Of course you are quite correct in your point that not going overboard in the first place is always the best policy, it helps having a body shape like mine, my centre of gravity is always low and being a very bad swimmer I have added incentive to stay aboard!

Now we have in-mast reefing combined with the roller reefing genoa the need to leave the cockpit can be kept at a complete minimum and hopefully only in conditions which are suited to working on deck although we do try and prepare for the unknown.

I had decided that if the seastate was really bad whoever went on deck would not only clip on to the jackstays but also attach themselves to the spinnaker halyard or pole uphaul which are clipped to both siderails half way back, that way the remaining crew in the cockpit could keep a couple of turns around a winch to act as a safety line, of course if sailing short handed it may not be so easy.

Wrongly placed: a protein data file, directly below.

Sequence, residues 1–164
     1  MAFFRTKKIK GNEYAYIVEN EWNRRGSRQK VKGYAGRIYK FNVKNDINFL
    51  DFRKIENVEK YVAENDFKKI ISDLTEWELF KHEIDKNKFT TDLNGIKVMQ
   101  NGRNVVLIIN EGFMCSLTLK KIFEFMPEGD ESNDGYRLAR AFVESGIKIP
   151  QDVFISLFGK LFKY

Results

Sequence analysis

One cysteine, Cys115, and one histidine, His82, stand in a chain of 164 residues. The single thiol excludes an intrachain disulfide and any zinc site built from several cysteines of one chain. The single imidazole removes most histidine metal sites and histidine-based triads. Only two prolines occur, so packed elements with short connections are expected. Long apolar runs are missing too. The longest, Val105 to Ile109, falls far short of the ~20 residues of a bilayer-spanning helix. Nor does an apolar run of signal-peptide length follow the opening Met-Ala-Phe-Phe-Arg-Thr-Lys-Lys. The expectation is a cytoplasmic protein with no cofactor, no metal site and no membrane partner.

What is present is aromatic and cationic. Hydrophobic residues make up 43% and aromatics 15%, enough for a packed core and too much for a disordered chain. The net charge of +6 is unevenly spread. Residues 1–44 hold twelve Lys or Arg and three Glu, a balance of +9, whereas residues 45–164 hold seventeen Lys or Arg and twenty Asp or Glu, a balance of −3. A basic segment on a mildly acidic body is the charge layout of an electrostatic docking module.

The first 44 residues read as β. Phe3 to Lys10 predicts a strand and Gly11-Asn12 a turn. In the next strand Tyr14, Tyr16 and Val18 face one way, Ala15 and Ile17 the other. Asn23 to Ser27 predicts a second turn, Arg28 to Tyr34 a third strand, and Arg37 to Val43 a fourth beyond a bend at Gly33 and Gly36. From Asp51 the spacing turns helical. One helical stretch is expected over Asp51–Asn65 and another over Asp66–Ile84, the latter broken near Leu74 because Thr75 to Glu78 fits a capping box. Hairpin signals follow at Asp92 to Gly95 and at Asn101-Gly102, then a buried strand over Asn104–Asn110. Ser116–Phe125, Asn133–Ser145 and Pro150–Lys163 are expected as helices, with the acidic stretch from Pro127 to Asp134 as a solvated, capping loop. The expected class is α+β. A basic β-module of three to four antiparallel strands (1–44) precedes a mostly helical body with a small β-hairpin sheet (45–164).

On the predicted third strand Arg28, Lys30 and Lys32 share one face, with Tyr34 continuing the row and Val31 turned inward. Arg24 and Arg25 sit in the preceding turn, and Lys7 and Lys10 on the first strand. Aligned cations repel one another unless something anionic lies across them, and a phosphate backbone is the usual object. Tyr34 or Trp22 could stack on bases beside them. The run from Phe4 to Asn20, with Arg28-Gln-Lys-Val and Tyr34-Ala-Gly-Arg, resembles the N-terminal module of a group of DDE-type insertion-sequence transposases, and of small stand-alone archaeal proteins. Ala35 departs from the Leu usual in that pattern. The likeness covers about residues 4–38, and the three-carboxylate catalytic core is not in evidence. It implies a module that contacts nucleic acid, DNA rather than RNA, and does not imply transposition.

One lesson I have learnt is to ensure the lifelines are stowed in the cockpit before sailing, I found out that not having them quickly available when conditions suddenly changed and crew members started being badly seasick meant they were not clipped on as they were leaning overboard to be sick.